“If telling the truth makes one a traitor, then I am happy,” the award-winning cartoonist Aseem Trivedi yelled to television cameras as he was taken to a court hearing yesterday.
The authorities in India have triggered an outcry after the anti-corruption campaigner was arrested and accused of sedition after publishing a series of his satirical artworks.
In one of his cartoons, the three lions that appear in India's national symbol had been replaced by wolves dripping with blood – while another showed the country's parliament as a large lavatory.
In a move that activists said damaged India's claim as a refuge for freedom of expression, Mr Trivedi was remanded in custody at the weekend. If convicted, he faces up to three years in jail. And in an act of protest, he has refused to seek bail. The cartoonist was summoned after a complaint was filed in the courts by a Mumbai lawyer who claimed the cartoons mocked India's national symbols. The lawyer, Amit Katarnavea, is said to have no links with the government.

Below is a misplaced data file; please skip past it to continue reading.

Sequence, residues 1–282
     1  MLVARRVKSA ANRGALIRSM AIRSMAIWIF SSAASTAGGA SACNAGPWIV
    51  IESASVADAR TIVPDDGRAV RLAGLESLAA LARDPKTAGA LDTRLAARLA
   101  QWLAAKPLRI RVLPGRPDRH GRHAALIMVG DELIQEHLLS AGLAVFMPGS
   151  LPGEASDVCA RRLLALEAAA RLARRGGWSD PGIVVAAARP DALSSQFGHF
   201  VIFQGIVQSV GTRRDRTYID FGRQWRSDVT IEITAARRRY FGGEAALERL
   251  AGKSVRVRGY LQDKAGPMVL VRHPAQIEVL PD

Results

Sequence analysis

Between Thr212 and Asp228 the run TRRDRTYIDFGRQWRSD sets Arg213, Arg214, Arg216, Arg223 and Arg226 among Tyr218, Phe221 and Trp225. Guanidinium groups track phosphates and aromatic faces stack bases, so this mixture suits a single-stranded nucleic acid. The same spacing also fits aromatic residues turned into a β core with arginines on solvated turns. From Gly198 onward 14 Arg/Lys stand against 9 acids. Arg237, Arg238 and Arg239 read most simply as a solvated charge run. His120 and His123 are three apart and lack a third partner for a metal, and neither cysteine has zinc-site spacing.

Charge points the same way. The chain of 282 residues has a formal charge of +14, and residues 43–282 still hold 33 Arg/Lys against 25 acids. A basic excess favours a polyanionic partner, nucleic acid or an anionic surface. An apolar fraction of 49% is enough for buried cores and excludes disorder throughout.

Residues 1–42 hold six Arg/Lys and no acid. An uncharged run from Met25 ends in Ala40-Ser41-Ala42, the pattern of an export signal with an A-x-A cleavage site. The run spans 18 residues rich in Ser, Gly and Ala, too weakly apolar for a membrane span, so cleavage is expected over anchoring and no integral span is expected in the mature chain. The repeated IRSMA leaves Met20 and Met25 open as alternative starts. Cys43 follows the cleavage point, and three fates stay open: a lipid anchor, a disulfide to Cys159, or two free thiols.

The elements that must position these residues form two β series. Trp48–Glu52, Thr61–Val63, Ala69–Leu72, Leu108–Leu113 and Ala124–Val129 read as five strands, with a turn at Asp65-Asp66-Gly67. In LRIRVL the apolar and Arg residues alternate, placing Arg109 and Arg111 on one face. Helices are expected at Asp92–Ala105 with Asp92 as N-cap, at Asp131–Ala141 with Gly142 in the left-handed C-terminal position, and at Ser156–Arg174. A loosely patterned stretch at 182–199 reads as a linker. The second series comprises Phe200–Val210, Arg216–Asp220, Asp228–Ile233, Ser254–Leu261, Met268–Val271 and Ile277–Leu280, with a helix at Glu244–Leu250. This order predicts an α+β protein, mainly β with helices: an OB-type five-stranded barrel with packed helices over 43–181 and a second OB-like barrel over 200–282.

India is proud of its tradition of protecting an independent media. But some observers believe the country may be becoming less tolerant. In its 2011-12 media freedom index, Reporters without Borders placed India in 131st position. Markandey Katju, head of the Press Council of India, wrote on his blog that Mr Trivedi had done nothing wrong. The former judge said the Nuremberg trials had shown that for someone to claim they had just followed orders was no defence. "In a democracy many things are said, some truthful and others false," added Mr Katju. "Politicians, like judges, must learn to put up with them."